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Study finds link between climate and conflict

Study finds link between climate and conflict

Posting in Energy

A first-of-its-kind study reveals that the number of tropical conflicts doubles during hot, dry El Nino years, indicating that global climate shifts can destabilize modern-day societies.

People have long speculated that changes in climate can affect human society. For instance, many ancient civilizations, including the Mayan, are thought to have collapsed due to drought.

Now, a study shows that shifts in global climate can also destabilize modern-day societies.

Columbia University researchers have found that an El Niño, which brings hot, dry weather, doubles the likelihood of a civil war in more than 90 tropical countries affected by this climate cycle.

The authors, who are publishing their study in Nature on Thursday, say that El Niño may have played a role in one in five civil conflicts since 1950.

"We're extending the general hypothesis that throughout history human societies used to be influenced by the climate to say that, now, modern society continues to be influenced by the modern climate .... It wasn't so difficult to convince people that maybe Angkor Wat or Mayan civilizations collapsed due to climatic changes, but I think it's harder for people to accept that we still depend on the climate to a very large extent," author Solomon M. Hsiang, who is now at Princeton, said. (Disclosure: I know Hsiang from a class I took at Columbia University for my master's four years ago; he was the teaching assistant.)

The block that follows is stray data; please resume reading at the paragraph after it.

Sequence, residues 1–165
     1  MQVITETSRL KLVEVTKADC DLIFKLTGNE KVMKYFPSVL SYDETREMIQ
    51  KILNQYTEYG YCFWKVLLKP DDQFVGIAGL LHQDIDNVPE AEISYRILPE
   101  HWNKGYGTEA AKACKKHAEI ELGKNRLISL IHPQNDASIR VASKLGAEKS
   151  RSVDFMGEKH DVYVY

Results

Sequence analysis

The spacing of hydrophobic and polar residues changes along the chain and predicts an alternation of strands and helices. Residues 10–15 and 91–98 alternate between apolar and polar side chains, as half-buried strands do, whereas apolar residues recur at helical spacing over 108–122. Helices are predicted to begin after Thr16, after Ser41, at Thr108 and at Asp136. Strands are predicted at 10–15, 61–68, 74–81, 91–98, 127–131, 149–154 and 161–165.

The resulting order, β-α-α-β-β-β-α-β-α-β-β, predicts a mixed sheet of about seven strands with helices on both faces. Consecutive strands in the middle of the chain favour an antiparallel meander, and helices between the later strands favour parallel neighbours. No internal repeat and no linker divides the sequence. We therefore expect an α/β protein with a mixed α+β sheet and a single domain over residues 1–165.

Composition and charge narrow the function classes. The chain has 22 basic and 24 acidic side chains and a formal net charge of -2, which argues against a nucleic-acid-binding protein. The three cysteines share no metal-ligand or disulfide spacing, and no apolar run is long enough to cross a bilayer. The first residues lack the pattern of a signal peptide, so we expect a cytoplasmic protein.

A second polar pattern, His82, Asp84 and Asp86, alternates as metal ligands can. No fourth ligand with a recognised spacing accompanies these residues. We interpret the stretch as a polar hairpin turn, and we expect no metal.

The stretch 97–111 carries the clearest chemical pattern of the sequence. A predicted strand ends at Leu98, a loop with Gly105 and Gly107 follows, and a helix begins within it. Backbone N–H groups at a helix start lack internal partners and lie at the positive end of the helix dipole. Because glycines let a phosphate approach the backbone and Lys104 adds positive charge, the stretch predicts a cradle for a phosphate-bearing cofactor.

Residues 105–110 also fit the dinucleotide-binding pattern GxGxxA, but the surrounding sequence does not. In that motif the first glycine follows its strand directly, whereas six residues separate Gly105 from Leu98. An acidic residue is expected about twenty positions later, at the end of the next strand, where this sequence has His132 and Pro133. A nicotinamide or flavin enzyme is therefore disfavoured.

While Hsiang and his co-authors emphasize their study focuses on the El Niño climate pattern, not climate change, their work could shed light on the potential consequences of global warming, which will make the world more El Niño-like: hotter and drier around the middle.

The connection between El Niño and warfare

El Niño and La Niña are two sides of a weather pattern that oscillates every three to seven years. During El Niño years, tropical parts of the globe become hotter and thirstier than they are during comparatively cool, rainy La Niña years.

The researchers found that the likelihood that a country in the tropics erupts into a civil conflict is 3% during a La Niña year, but 6% during an El Niño year. Countries whose climates are largely unaffected by El Niño only had a 2% chance of experiencing a civil conflict no matter the year.

Hsiang and his co-authors, Kyle C. Meng of Columbia and Mark Cane of Columbia's Lamont-Doherty Earth Observatory, did not analyze international conflicts because civil wars constitute the vast majority of all conflicts since 1950.

The map below shows, in red, the 93 countries that become warmer in El Niño years, and the 82 unaffected countries in blue.

While Hsiang does not say that El Niño causes these conflicts, he asserts it creates the conditions that make warfare more likely. He compared the presence of El Niño during a conflict to the presence of ice on a road during a car accident: